classmates was newt gingrich. early on, he took on as his target, the speaker jim wright. that was the beginning of some of this polarization. it was a better time. -- there is little doubt that in the days of tip o'neill, but it was a better time. since those last couple of decades, the institution has suffered from too much partisanship. >> before mr. gingrich, i would imagine he would argue the republican house members have spent decades in the wilderness and he was the one that found a way to bring them into the majority in the house. how do you balance the pluses and minuses? >> there is not any question that that effort to paint a picture of jim wright's service laid the foundation for a majority. that was a healthy thing. i do not believe it was a good thing -- we have been in that for far too long. appropriations committees work -- in turn the, i think it is significant for the american public to know the appropriations committee work is where either you spend money or you do not. ideally, you are here to work with one another to be as responsive as possible to yo
people. when he put so much money into the new gingrich effort and then into the matter on the effort -- -- into the mitt romney effort and he did not win in either case and he was not alone. there were other people. both sides spent more than $1 billion. can you imagine? we are in the middle of a fiscal crisis and on the political campaign, this or reaffirmed the status quo with republicans in charge of the house and democrats in charge of the senate and obama as president -- we spent $2 billion? really? did we simply boost local television advertising rates? i don't know but it is a good question. what does all this money by you? host: a story i saw a said he would do it again. he insinuated that he was inclined to do it again. guest: i guess he will double down. he is a guy who wants a return on his dollar and is trying to influence things. his big interests seems to be u.s. relations with israel. do i think he shifted or help to ed. i don't think he helped. host: independent line, go ahead caller: good morning. this is just to you, juan. i have seen you put yourself on the line a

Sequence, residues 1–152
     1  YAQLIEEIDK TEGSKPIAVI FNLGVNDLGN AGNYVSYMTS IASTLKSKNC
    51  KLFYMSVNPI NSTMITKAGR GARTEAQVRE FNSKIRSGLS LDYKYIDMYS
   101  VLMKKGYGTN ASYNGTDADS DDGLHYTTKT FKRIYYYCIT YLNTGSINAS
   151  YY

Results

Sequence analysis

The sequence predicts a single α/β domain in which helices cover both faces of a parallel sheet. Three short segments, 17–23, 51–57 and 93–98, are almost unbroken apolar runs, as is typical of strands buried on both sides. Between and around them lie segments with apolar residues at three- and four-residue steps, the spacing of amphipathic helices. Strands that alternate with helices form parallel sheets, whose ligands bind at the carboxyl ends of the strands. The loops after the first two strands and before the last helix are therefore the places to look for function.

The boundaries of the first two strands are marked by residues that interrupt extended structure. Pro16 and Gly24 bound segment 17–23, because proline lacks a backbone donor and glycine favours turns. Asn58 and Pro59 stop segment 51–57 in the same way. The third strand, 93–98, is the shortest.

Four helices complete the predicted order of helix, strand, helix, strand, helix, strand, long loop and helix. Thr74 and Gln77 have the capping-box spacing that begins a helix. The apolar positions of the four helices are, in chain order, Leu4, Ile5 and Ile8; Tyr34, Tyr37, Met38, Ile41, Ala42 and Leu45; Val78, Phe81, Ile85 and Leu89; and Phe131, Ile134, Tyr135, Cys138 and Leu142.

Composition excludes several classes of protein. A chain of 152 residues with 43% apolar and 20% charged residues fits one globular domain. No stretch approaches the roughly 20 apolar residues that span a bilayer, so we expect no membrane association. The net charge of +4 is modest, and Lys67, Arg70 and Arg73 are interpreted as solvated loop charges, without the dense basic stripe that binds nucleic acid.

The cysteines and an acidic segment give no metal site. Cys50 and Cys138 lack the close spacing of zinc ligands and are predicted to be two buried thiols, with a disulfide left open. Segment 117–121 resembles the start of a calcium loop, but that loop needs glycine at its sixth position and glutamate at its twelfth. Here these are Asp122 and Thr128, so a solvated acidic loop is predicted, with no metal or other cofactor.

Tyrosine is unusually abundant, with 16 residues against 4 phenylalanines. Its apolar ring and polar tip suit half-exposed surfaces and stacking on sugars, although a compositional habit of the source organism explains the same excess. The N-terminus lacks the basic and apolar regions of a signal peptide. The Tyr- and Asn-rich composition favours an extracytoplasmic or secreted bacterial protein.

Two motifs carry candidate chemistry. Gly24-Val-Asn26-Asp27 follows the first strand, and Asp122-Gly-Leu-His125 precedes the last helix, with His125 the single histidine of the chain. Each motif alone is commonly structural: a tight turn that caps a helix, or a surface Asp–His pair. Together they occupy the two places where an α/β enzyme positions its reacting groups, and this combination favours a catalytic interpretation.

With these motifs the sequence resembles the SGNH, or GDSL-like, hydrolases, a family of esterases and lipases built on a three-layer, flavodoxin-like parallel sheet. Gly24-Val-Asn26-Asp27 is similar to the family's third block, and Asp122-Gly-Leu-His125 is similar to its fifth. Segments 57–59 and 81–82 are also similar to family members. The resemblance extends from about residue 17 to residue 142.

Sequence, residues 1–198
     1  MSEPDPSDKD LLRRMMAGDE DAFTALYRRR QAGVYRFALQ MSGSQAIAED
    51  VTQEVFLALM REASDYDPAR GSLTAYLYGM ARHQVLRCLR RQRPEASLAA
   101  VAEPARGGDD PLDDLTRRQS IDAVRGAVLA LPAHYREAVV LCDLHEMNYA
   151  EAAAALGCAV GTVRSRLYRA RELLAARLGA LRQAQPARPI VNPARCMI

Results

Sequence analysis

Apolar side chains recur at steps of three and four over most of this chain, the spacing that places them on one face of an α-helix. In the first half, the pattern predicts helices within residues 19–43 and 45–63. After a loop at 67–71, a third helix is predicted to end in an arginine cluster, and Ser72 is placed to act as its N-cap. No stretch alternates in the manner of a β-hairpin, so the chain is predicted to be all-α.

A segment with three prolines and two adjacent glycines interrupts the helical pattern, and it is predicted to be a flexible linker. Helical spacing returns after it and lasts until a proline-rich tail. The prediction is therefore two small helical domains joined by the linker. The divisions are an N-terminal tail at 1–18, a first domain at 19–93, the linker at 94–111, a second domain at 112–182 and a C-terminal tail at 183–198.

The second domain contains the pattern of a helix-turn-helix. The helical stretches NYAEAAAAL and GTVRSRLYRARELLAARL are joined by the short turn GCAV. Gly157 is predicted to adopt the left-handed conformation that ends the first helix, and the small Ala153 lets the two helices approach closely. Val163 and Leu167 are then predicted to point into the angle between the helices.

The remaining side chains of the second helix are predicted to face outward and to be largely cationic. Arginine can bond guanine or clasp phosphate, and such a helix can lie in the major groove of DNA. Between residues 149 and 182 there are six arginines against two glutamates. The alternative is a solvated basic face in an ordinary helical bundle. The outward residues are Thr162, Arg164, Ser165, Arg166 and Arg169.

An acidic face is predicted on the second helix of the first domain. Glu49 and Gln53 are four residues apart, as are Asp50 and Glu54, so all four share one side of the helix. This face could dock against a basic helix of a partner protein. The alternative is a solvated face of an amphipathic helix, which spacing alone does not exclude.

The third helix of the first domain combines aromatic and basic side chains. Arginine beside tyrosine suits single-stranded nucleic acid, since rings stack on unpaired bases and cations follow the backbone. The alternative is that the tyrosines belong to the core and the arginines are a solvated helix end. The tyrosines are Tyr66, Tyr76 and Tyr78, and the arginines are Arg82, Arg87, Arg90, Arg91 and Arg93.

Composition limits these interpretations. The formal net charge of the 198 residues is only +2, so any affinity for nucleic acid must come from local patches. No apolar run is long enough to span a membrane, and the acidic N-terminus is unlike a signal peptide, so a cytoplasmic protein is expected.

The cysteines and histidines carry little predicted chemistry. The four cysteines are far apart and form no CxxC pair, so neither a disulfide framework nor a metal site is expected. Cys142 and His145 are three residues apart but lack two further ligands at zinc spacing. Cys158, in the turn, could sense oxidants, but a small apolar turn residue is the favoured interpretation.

together the way ronald reagan and tip o'neill did, the way clinton did with bob dole, and newt gingrich. there is a long history of this. it means people getting into a room and preventing what we all want to prevent, and if we share the same goal, there should be a way for us to reach it. i am sorry that the house yesterday was unable to pass that the resolution, which was obviously a rebuke to their leader, but hopefully over their recess, when the come back after christmas, there will be cooler heads prevail in, and the president will begin serious negotiations. thanks. >> he looked at the house and senate reaction to the attack on the u.s. consulate. you also look at the accountability review board on how the state department handled the matter. today's at 6:00 p.m. eastern on c-span. >> the issues, a different times the government can punish them as a result of the moral condemnation. the answer is once. >> c-span radio is featuring supreme court oral arguments before they were on the bench. all this week at 7:00 p.m. eastern. it to watch this in the baltimore area. >> on wed. pres
Search Results 0 to 9 of about 10 (some duplicates have been removed)